First Lance Armstrong, now Tom Mead?
It's quite a brouhaha that's broken out in Park Rapids where the winner of the community fishing contest has been accused of cheating.
The bulk of the evidence against the Long Prairie angler, from what we can glean from the Alexandria Echo Press today, is that he has a knack for winning fishing contests.
He won a new pickup truck in 2004 in Alexandria with his 7-pound walleye catch. Two years ago he won an ATV with a northern pike at the same tournament from where he was escorted off the ice by the police earlier this month, the newspaper says.
Aukes (the sheriff) said he had some difficulty escorting Mead through the crowd as angry anglers yelled "Cheater!" and crowded around him and the disabled man.
Other than that incident, Aukes said the derby went off without a hitch.
Because Mead has a disability, he is able to drive a vehicle out onto the ice. Security personnel otherwise were checking every angler for contraband on the way through the entry gates.
Mead, for his part, insists he is innocent and when the facts come out, he will be cleared of any alleged wrongdoing.
This, apparently, is a big problem in some parts of the country. Last October, the New York Times reported that fishing tournaments are beset by cheaters as the prizes grow larger.(2 Comments)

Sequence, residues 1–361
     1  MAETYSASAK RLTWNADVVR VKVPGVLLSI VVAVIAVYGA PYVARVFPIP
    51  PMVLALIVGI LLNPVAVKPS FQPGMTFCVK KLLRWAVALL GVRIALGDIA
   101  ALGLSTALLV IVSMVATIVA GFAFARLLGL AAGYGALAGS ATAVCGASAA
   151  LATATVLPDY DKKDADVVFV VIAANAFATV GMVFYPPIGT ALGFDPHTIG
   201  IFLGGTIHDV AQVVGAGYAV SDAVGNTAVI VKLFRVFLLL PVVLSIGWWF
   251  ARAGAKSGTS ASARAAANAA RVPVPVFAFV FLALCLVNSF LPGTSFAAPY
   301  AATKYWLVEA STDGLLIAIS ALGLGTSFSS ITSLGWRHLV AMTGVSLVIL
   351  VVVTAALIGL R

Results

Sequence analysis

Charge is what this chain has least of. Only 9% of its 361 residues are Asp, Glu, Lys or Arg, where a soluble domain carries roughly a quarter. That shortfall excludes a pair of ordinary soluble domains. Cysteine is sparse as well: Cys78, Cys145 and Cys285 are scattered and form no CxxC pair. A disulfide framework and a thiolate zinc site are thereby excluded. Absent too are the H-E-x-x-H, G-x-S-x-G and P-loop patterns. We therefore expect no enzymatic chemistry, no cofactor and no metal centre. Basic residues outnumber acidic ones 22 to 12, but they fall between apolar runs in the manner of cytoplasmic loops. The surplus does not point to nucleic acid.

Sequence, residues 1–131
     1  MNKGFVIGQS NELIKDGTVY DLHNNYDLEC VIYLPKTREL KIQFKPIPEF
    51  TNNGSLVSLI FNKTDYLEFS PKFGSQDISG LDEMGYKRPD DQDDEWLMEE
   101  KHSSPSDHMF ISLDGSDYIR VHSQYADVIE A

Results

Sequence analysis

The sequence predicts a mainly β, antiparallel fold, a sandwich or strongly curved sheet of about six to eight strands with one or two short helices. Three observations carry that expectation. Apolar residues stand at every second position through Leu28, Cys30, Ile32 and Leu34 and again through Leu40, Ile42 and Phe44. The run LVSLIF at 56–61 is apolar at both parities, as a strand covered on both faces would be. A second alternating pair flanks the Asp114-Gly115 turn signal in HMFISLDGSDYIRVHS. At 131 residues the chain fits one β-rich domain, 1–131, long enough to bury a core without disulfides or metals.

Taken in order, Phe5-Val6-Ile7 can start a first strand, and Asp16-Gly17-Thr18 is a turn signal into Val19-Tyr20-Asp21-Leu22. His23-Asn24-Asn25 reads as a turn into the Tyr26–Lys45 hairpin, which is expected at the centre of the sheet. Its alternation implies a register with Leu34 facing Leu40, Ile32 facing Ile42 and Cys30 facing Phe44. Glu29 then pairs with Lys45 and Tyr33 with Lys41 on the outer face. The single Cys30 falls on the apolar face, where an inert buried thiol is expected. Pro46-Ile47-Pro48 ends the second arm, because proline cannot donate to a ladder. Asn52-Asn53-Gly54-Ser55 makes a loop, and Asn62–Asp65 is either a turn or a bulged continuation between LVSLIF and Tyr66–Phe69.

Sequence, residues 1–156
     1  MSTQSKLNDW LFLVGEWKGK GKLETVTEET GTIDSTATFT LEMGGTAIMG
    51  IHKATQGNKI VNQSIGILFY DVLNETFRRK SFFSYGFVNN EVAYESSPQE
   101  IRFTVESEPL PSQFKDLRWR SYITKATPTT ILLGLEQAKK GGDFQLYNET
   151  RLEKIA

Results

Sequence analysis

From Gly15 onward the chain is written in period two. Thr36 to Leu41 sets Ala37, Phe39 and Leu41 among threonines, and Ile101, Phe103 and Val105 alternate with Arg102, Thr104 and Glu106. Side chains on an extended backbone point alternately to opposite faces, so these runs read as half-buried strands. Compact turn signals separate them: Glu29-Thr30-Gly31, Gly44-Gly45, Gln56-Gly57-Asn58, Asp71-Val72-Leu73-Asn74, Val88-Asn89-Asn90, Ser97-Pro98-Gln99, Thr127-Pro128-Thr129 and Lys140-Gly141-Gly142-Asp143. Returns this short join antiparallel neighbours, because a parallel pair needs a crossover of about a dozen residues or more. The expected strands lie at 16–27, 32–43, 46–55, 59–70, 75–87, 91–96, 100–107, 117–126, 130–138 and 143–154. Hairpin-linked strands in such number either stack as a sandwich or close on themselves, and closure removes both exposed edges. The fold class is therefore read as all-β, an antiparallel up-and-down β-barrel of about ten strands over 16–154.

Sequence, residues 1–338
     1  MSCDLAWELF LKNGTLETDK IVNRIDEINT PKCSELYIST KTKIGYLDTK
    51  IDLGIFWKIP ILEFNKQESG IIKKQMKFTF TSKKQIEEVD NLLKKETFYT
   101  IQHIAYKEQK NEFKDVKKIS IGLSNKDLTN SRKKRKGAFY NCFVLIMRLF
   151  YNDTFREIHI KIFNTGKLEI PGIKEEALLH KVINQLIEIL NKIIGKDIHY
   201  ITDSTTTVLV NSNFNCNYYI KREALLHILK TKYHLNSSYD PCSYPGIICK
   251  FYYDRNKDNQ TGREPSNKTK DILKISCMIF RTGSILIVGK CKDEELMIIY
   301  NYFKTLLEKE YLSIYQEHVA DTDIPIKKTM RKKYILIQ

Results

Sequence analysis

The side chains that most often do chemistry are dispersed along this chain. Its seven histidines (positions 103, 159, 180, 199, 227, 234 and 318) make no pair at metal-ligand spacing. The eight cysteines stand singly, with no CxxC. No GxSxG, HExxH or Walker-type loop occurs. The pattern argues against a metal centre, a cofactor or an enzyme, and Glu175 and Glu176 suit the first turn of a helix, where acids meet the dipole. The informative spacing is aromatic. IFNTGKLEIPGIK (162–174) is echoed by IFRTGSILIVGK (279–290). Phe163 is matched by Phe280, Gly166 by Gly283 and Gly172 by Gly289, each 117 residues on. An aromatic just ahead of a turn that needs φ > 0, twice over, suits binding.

It was only last week that I wondered on Twitter why we don't hear a lot of controversy surrounding the Girl Scouts?
And then came this -- the death of the perfectly fine Girl Scout cookie.
The most startling aspect of the story may be that it occupied four minutes of a local TV newscast.(4 Comments)
If last evening's meteor in Siberia has you yearning to take a look at what happens when a meteorite hits earth, you can save yourself some time and just head up north in Minnesota.
On the Gunflint Trail a few years ago, geologist Mark Jirsa of the Minnesota Geological Survey found debris from a meteorite that hit Sudbury, Ontario. The impact created a crater 150 miles wide, and scattered rock over a million square miles.
The "impact layer" is a mix of fragments that were broken from the iron and cemented together by the effect of the impact.
Mr. Jirsa said the Gunflint was probably a shallow sea when the meteorite hit, setting off a tsunami that ripped up the sea bottom, and mixed them with rocks that fell from the sky.
Only to eventually become part of the fireplace at Gunflint Lodge. Oh, and Minnesota itself.
When the meteorite hit, the temperature is estimated to have reached 10,000 degrees.
A timetable in his report says that 13 seconds after the meteorite hit Sudbury (500 miles away), the fireball erupted at Gunflint Lake. The airborne rain of rocks hit 5 to 10 minutes later, and 40 minutes after that, wind speeds hit 1,400 mph.
"I think the excitement for the people of Minnesota is that we are one place in the world where you can see evidence of an ancient meteorite impact," University of Minnesota geology professor emeritus Paul Weiblen said of the report, which he co-authored.(3 Comments)